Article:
RomArchive, the Digital Archive of the Roma, is accessible online at www.romarchive.eu.

Support
In the years from its development until the launch of RomArchive (2015-2019), under the auspices of sauerbrey | raabe gUG (limited liability), RomArchive was supported by the German Federal Cultural Foundation with 3.75 million euros.

The Deutsche Kinemathek – Museum für Film und Fernsehen was the cooperation partner for the technical set-up and implementation. The European Roma Cultural Foundation and the Central Council of German Sinti and Roma have acted in an advisory capacity from the initial stages of planning.

The Goethe-Institut also supported the work of RomArchive in these early years and accompanied it with its own events. The Federal Agency for Civic Education and the Federal Foreign Office also engaged in supporting RomArchive. The Federal Agency for Civic Education also supports the editorial management of the archive for a further five years from 2019 onwards.

About RomArchive
RomArchive, the Digital Archive of the Roma, was published on 24 January 2019 and makes the arts and cultures of Roma and their contribution to European cultural history finally visible. Through narratives told by Roma themselves, RomArchive creates a reliable source of knowledge that is internationally accessible on the Internet, counteracting stereotypes and prejudices with facts.

In terms of content, 14 curators defined the presentation and selected exemplary artistic contributions for the archive sections on dance, film, literature, music, theatre and drama, visual arts, and the interdisciplinary field of flamenco, as well as material on politics of photography, self-testimonies related to the persecution of Roma in National Socialism and scientific material on the civil rights movement.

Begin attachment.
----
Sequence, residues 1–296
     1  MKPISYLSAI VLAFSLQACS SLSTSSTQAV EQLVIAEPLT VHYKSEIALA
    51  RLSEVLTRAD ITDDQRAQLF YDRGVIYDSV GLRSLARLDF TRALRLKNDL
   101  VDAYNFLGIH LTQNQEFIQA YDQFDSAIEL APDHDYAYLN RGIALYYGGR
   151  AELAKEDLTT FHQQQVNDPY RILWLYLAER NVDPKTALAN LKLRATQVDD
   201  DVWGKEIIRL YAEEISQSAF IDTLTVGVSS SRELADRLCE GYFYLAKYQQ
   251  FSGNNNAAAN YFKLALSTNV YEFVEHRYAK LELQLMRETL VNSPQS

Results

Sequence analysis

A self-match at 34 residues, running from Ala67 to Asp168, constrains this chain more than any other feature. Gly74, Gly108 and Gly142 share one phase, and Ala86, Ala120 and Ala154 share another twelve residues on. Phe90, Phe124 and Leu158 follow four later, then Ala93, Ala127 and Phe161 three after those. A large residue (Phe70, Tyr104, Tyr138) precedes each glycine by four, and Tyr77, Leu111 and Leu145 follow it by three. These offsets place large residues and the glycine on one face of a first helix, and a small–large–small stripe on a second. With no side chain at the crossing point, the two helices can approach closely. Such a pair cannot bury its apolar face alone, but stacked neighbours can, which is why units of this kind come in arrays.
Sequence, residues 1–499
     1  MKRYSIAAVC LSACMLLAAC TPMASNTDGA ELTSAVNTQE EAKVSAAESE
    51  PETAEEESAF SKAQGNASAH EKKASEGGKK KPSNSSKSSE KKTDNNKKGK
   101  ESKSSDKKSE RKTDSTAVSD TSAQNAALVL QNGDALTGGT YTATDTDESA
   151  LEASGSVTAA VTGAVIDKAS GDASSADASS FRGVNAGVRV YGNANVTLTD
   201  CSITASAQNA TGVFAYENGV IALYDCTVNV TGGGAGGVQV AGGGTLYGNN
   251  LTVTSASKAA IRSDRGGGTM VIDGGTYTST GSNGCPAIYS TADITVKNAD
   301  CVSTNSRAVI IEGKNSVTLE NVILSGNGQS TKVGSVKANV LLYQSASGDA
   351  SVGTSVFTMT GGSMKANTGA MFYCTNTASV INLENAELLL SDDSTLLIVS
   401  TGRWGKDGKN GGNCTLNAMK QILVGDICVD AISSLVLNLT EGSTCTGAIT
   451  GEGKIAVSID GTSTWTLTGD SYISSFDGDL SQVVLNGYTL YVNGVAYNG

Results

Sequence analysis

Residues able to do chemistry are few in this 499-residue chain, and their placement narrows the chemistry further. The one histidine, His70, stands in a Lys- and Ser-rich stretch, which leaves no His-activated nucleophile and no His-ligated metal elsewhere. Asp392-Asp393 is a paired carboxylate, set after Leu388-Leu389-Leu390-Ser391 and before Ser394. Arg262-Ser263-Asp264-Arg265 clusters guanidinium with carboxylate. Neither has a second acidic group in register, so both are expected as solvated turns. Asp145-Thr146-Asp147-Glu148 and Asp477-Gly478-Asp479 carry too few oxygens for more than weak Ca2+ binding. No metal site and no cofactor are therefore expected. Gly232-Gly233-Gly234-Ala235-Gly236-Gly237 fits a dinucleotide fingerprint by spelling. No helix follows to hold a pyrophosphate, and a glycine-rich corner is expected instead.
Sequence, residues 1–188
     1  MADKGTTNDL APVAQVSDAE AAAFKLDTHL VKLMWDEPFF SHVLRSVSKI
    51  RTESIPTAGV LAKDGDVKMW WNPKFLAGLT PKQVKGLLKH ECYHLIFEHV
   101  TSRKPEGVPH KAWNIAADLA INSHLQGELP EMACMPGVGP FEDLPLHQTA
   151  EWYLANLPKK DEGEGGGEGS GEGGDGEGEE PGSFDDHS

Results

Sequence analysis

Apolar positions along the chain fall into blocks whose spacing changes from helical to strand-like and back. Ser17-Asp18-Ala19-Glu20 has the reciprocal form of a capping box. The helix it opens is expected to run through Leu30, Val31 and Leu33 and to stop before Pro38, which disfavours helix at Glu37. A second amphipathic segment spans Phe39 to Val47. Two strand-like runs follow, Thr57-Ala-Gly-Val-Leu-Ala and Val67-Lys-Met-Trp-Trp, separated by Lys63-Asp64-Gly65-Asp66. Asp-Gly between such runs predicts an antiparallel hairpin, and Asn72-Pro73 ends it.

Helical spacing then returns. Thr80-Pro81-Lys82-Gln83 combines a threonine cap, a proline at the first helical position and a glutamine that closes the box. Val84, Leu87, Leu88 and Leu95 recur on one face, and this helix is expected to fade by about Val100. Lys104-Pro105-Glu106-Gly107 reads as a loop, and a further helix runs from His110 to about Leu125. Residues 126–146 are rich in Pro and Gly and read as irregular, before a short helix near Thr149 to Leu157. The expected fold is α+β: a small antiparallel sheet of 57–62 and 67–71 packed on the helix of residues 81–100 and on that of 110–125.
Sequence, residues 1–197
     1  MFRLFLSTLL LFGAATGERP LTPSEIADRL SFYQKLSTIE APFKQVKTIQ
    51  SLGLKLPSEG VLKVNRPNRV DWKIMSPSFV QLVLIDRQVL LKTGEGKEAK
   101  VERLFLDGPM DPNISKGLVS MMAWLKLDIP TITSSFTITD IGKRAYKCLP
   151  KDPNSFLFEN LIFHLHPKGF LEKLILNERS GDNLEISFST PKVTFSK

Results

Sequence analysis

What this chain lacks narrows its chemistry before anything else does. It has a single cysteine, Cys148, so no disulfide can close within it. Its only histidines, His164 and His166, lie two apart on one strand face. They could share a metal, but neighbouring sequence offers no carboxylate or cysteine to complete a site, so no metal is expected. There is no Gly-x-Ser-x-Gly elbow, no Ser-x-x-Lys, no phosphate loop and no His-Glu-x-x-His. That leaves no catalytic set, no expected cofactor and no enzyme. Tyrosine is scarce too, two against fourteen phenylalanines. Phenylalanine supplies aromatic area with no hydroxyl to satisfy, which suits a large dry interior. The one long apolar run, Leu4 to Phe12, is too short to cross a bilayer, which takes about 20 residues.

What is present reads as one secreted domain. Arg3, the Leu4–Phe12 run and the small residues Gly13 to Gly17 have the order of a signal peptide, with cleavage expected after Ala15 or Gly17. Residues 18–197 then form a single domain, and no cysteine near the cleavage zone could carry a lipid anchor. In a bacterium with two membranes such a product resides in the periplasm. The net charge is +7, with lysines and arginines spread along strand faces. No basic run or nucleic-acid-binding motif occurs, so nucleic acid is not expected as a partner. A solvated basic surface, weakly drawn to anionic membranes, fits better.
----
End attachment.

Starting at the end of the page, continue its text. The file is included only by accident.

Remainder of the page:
The participants in the project—within the various working groups there are around 150 actors from 15 countries across Europe and beyond—form a worldwide network of artists, scientists and activists, most of whom come from a Roma community. They make RomArchive currently the largest cultural project of, for and with Roma in which the principle of “Romani Leadership” is consistently implemented: Roma have shaped the archive in all key positions.

With the various working groups there are around 150 actors from 15 countries across Europe and beyond involved in the project. They form a worldwide network of artists, scientists and activists, most of whom come from a Roma community. They make RomArchive currently the largest cultural project of, for and with Roma in which the principle of “Romani Leadership” is consistently implemented. From the beginning, the project initiators have planned to hand over the responsibility of RomArchive to a European Roma organisation after a five-year start-up phase.

The archive’s ever-expanding collection exemplifies the enormous range and diversity of cultural identities and national idiosyncrasies, rather than conveying an unrealistic image of a homogeneous “Romani culture”. The wealth of an artistic and cultural production—centuries old, lively and varied to this very day—is made visible and publicly accessible for the first time in such a wide scope.